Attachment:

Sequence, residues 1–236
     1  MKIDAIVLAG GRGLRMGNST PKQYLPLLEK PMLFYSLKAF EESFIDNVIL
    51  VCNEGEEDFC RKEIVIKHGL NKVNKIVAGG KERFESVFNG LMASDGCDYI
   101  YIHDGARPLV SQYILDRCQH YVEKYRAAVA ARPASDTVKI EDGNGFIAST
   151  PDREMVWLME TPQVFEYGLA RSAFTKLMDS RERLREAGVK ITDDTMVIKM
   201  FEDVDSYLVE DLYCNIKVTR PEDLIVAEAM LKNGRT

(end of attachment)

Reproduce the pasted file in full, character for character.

Sequence, residues 1–236
     1  MKIDAIVLAG GRGLRMGNST PKQYLPLLEK PMLFYSLKAF EESFIDNVIL
    51  VCNEGEEDFC RKEIVIKHGL NKVNKIVAGG KERFESVFNG LMASDGCDYI
   101  YIHDGARPLV SQYILDRCQH YVEKYRAAVA ARPASDTVKI EDGNGFIAST
   151  PDREMVWLME TPQVFEYGLA RSAFTKLMDS RERLREAGVK ITDDTMVIKM
   201  FEDVDSYLVE DLYCNIKVTR PEDLIVAEAM LKNGRT